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Austria

Austria

New law could halt progress -- Austria's feed-in rates

The Austrian wind lobby is hailing the new "eco-electricity" law as beneficial to the industry. But the finer details of the legislation may yet floor the country's fledgling market. The Ökostromgesetz requires 4% of the country's electricity to come from eligible renewable energy sources by January 1, 2008, with an additional 9% to be contributed by small hydro power stations. It also allows for a system of premium payments for renewables generated power.

"At last we have a clear payment system for a ten year period, similar to Germany's," says Stefan Hantsch of the Austrian wind association, IG Windkraft. "If half the 4% target is met with wind energy then we need to install 500 MW" he says. Austria has 100 MW installed so far.

Hantsch fears, however, that a cost cap on the premium levied on consumers for green electricity of EUR 0.0016/kWh could prevent the 4% and 9% targets from being reached. Furthermore, Austria's tariffs for renewable energy have yet to be decided by the federal ministries for economy, environment and consumer protection. Tariff discussions are still being held with the governments of Austria's nine states.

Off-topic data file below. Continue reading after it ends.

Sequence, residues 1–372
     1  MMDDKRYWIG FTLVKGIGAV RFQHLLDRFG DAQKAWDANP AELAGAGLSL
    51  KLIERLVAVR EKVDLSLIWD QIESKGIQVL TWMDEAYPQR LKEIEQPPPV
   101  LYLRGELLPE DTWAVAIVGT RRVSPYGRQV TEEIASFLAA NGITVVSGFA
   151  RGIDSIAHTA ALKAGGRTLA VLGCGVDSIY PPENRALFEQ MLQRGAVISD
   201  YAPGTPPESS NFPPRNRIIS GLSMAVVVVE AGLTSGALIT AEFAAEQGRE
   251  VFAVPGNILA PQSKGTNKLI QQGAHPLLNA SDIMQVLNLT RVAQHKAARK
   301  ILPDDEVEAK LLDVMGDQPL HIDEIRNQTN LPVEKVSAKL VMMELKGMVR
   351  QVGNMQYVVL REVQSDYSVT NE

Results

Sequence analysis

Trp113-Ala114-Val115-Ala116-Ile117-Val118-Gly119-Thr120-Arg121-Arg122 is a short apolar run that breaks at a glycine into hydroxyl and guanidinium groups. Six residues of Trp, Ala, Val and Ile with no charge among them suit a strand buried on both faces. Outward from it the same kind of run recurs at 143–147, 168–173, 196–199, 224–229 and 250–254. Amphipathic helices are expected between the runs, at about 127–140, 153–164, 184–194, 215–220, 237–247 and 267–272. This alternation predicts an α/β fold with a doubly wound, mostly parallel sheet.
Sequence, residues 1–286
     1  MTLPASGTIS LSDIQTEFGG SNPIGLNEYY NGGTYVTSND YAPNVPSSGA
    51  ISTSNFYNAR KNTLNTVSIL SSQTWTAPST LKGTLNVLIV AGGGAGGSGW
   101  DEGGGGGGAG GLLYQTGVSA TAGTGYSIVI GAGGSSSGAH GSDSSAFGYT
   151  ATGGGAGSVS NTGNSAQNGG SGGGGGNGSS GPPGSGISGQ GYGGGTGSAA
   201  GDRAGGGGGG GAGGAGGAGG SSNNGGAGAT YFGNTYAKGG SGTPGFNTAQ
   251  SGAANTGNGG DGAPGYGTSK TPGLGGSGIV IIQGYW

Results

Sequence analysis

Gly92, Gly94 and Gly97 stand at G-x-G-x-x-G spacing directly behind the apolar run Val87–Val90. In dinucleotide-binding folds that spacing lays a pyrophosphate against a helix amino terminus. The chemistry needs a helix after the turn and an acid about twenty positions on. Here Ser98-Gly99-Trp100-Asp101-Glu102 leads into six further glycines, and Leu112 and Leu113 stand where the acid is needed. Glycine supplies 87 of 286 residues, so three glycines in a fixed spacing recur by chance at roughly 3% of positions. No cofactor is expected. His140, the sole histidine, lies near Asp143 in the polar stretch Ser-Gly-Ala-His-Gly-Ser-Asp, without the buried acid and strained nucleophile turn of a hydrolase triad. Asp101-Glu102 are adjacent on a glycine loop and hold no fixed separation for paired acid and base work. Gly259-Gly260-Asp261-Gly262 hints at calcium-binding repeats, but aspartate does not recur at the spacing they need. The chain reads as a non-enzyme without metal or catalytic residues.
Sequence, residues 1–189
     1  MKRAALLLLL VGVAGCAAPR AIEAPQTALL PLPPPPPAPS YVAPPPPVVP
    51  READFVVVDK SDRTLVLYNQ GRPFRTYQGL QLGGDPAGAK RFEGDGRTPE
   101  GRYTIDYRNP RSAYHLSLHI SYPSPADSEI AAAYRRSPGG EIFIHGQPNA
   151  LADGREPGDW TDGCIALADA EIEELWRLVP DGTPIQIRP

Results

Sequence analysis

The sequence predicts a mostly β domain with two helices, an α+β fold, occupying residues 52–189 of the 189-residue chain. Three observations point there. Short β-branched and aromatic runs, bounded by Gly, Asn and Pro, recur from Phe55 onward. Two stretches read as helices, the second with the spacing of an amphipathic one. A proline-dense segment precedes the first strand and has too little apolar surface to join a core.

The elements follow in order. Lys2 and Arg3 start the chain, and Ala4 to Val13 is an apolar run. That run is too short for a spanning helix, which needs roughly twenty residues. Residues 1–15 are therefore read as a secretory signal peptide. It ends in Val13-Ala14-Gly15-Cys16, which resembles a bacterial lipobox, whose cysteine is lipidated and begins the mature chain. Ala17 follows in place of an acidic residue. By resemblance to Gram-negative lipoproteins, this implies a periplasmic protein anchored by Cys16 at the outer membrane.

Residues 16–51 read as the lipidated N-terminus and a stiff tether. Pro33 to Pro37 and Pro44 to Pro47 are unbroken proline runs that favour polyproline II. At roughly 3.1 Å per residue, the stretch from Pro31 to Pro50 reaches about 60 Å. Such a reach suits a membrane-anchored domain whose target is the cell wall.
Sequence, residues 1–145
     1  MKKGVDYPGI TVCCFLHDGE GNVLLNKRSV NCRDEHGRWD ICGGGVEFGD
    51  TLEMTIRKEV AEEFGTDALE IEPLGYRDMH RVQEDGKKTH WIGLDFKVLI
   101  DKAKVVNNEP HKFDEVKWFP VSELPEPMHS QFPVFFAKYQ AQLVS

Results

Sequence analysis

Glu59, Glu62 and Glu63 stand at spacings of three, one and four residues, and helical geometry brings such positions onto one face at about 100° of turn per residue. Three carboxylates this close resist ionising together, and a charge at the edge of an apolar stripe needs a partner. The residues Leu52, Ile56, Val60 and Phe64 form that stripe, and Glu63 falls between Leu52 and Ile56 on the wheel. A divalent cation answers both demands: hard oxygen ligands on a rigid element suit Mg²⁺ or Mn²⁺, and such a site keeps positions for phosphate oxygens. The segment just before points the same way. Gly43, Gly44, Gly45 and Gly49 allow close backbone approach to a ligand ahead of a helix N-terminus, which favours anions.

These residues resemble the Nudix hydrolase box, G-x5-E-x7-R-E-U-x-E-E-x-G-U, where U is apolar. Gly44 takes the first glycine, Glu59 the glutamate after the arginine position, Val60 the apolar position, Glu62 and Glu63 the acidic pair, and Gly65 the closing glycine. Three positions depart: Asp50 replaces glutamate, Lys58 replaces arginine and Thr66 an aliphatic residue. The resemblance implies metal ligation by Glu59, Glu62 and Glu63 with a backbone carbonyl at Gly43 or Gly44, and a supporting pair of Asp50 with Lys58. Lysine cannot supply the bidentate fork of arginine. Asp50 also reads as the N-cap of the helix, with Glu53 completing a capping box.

So far, tariffs have varied widely from state to state. IG Windkraft fears the economy ministry may accept the electricity regulator's proposals for a tariff of EUR 0.068/kWh. "This is less than most Austrian states pay now, and at the bottom of the scale of European feed-in tariffs," says Hantsch. He says regulator Walter Boltz, head of E-Control, is siding with the conventional energy sector and is "not interested in seeing wind power grow." If no new plant go online over the next few years, Boltz will "only then consider adjusting the tariffs," adds Hantsch. Ironically, wind developers are now trying to get turbines up "so they can benefit from the old feed-in rates," he says.

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